Saturday, September 12, 2015

Thank you Charles Messier


I didn't take this picture, NASA did. I'm nowhere near that good with my astrophotography yet. The subject of the picture has a rather interesting story though. Some might recognize it as the Crab Nebula, and it is a remnant of a supernova.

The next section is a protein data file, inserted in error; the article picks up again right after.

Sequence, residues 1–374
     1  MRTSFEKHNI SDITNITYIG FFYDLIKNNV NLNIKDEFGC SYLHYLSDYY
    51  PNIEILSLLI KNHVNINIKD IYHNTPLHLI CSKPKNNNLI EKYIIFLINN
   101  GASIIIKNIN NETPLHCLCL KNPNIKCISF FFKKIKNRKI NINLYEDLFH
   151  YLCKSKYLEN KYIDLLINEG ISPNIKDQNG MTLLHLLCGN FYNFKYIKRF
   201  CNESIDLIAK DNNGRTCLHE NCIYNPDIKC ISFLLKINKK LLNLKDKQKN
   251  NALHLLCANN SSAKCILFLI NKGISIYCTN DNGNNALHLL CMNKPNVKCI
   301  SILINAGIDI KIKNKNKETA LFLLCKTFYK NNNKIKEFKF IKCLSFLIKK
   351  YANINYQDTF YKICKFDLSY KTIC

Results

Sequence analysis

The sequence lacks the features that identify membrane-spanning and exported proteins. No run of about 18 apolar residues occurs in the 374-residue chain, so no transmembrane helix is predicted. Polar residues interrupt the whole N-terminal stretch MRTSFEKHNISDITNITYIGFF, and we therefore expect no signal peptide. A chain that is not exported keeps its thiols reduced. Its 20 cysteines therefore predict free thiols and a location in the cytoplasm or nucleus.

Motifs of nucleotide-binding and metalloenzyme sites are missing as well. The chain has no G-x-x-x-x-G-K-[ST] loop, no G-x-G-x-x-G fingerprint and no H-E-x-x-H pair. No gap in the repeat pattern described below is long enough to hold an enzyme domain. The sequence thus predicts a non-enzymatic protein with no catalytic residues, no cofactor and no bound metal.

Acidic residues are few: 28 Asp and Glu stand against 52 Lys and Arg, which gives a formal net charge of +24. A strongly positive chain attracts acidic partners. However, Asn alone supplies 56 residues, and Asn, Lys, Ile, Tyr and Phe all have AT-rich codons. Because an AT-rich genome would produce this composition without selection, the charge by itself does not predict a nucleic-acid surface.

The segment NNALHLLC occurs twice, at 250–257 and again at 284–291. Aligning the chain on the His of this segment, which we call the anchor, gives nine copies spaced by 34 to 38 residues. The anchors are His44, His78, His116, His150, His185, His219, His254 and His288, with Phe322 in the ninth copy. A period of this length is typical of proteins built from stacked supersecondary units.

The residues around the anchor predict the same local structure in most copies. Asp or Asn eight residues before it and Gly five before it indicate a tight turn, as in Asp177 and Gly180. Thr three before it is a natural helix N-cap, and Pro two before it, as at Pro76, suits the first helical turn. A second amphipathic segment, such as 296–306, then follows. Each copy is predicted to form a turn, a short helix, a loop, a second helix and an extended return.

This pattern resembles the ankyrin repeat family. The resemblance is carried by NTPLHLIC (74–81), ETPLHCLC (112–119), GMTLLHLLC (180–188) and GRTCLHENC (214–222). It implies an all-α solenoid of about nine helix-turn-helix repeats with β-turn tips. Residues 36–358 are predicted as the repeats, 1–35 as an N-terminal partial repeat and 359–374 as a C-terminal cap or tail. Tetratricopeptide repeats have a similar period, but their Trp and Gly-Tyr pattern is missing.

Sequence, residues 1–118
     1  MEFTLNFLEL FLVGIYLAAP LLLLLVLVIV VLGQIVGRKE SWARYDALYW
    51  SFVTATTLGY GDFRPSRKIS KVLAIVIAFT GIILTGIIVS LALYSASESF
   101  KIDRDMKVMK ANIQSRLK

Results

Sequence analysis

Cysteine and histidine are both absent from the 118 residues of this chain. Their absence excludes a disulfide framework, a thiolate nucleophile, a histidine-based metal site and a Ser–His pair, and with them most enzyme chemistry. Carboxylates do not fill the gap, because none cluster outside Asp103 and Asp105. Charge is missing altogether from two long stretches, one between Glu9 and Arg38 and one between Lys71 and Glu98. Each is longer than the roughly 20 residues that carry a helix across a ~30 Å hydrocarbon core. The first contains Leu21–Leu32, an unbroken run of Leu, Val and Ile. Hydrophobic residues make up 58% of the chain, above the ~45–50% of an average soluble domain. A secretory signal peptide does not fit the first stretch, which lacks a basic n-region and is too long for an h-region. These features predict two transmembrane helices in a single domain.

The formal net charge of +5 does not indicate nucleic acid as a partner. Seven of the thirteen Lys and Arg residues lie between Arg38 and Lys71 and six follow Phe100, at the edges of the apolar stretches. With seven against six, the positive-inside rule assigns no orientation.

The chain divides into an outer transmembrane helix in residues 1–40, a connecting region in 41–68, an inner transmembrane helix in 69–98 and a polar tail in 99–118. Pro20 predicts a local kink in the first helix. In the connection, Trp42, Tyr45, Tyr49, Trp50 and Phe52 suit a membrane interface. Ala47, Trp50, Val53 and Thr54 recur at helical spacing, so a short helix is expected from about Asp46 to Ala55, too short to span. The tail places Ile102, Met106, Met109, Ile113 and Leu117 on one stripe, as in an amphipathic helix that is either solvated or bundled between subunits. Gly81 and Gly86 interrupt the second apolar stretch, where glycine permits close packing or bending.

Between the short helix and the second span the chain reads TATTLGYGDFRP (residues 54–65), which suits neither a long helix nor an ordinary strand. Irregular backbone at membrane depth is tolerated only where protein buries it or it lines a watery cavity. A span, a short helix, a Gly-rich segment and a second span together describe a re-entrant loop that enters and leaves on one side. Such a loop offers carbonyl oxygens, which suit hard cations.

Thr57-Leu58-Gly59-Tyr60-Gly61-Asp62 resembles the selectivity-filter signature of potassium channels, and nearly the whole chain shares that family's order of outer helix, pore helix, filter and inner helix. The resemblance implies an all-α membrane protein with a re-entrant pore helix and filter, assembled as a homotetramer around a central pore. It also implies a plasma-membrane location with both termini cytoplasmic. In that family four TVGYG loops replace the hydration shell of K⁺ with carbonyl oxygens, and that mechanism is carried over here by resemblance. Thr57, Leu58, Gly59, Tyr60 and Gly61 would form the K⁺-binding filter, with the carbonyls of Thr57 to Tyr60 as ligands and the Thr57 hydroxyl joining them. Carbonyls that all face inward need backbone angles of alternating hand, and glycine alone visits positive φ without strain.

The Crab Nebula has a rather important distinction today. Back in 1758, a French astronomer by the name of Charles Messier was trying to look at comets, which to his viewing tech were fuzzy moving objects; but he kept seeing weird fuzzy objects that did not move. In order to not get bogged down in his comet hunting, he made a list of objects that were fuzzy, looked like comets on first glance, but were not moving. The list is known today as the Messier Catalog, and M1 is the Crab Nebula. The date that it was recorded was September 12, 1758, 257 years ago today. His entire list are objects that backyard astronomers (like myself) strive to look at through our humble equipment. In total, Charles Messier listed a total of 110 of these objects, which include the Pleiades (M45) (link goes to my pictures of them), the Orion Nebula (M42), and the Andromeda Galaxy(M31). He also discovered 13 actual comets.